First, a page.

|Appears in Collections:||Biological and Environmental Sciences Journal Articles|
|Peer Review Status:||Refereed|
|Title:||Moth community responses to woodland creation: The influence of woodland age, patch characteristics and landscape attributes|
Park, Kirsty J
|Citation:||Fuentes‐Montemayor E, Watts K, Sansum P, Scott W & Park KJ (2022) Moth community responses to woodland creation: The influence of woodland age, patch characteristics and landscape attributes. Diversity and Distributions. https://doi.org/10.1111/ddi.13599|
|Abstract:||Aim Large-scale habitat creation is crucial to mitigate the current ecological crisis, but scientific evidence on its effects on biodiversity is scarce. Here, we assess how assemblages of a biodiverse group (moths) develop over time in habitat creation sites. We use temperate woodlands as a case study, and compare species assemblages in restored and mature habitat patches. We also identify local- and landscape-level attributes associated with high species richness and abundance. Location Central Scotland, United Kingdom. Methods We surveyed moths in a chronosequence of 79 temperate woodland patches encompassing woodland creation sites (20–160 years old) and mature “ancient” woodlands (250+ years old). We used structural equation models, generalized linear models and ordination techniques to quantify moth community responses to woodland creation, and degree of similarity to moth assemblages in ancient woodlands. Results Woodland creation sites harboured large numbers of moth species (212), were dominated by woodland generalists and had high species turnover. Moth abundance and diversity increased with woodland connectivity. Macromoths were more abundant and diverse in younger woodlands; micromoth specialists occurred more frequently in older woodland creation sites. Ancient woodlands had similar moth abundance/richness than woodland creation sites (except for fewer macromoth woodland specialist species), but their species composition was somewhat different. Patterns of beta diversity (low nestedness) indicated that moth species in woodland creation sites are not simply subsets of species in ancient woodlands. Main conclusions To benefit moth communities, woodland creation sites should be structurally diverse and in close proximity to other woodlands. At the landscape scale, a mosaic of woodland patches of different ages is likely to increase moth beta (and consequently gamma) diversity. Ancient woodlands and woodland creation sites each host substantial proportions of “unique” species; individual woodland patches contain distinctive moth assemblages and should be protected and valued for their contribution to regional moth diversity.|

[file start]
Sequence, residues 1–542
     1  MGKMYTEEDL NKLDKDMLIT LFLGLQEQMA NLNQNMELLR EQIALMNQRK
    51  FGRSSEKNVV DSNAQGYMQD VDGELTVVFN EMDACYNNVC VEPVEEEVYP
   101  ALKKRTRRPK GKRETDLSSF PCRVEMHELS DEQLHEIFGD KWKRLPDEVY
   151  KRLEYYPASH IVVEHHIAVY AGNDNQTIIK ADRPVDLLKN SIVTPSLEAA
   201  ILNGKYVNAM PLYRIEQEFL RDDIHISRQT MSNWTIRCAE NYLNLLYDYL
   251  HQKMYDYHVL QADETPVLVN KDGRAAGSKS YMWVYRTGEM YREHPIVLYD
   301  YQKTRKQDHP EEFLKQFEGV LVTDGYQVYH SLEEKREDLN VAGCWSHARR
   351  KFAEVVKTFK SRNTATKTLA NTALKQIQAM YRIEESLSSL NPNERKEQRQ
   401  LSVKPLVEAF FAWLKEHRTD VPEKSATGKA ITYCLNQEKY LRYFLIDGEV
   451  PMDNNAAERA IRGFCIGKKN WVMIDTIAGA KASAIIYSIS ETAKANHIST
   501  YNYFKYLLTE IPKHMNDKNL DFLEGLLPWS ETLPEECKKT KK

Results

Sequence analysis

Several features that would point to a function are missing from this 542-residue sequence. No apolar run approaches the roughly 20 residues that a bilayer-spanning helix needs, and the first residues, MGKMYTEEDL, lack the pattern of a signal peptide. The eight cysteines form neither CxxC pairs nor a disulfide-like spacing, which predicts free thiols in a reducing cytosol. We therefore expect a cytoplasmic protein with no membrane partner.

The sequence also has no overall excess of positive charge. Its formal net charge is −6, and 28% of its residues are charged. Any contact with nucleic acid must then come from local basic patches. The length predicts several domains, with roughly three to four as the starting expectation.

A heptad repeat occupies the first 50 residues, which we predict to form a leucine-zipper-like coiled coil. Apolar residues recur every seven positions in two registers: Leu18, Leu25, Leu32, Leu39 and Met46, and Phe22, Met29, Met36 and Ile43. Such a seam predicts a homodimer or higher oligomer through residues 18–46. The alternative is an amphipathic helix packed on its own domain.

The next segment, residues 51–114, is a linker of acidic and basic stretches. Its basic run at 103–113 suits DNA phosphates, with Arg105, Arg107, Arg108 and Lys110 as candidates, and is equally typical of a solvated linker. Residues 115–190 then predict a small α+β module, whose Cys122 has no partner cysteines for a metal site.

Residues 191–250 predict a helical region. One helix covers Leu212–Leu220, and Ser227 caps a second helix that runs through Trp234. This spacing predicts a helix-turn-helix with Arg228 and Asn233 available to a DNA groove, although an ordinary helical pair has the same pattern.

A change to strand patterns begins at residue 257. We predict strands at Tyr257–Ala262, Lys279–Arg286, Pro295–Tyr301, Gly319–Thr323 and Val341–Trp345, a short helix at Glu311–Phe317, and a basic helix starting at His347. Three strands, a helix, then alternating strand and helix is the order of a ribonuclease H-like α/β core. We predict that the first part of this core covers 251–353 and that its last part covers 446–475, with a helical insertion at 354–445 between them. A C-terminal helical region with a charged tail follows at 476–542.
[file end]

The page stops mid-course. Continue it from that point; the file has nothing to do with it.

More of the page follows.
|Rights:||© 2022 The Authors. Diversity and Distributions published by John Wiley & Sons Ltd. This is an open access article under the terms of the Creative Commons Attribution License (https://creativecommons.org/licenses/by/4.0/), which permits use, distribution and reproduction in any medium, provided the original work is properly cited.|
|Notes:||Output Status: Forthcoming/Available Online|
|Fuentes-Montemayor_etal-DD-2022.pdf||Fulltext - Published Version||4.82 MB||Adobe PDF||View/Open|
This item is protected by original copyright
A file in this item is licensed under a Creative Commons License
Items in the Repository are protected by copyright, with all rights reserved, unless otherwise indicated.
The metadata of the records in the Repository are available under the CC0 public domain dedication: No Rights Reserved https://creativecommons.org/publicdomain/zero/1.0/
If you believe that any material held in STORRE infringes copyright, please contact firstname.lastname@example.org providing details and we will remove the Work from public display in STORRE and investigate your claim.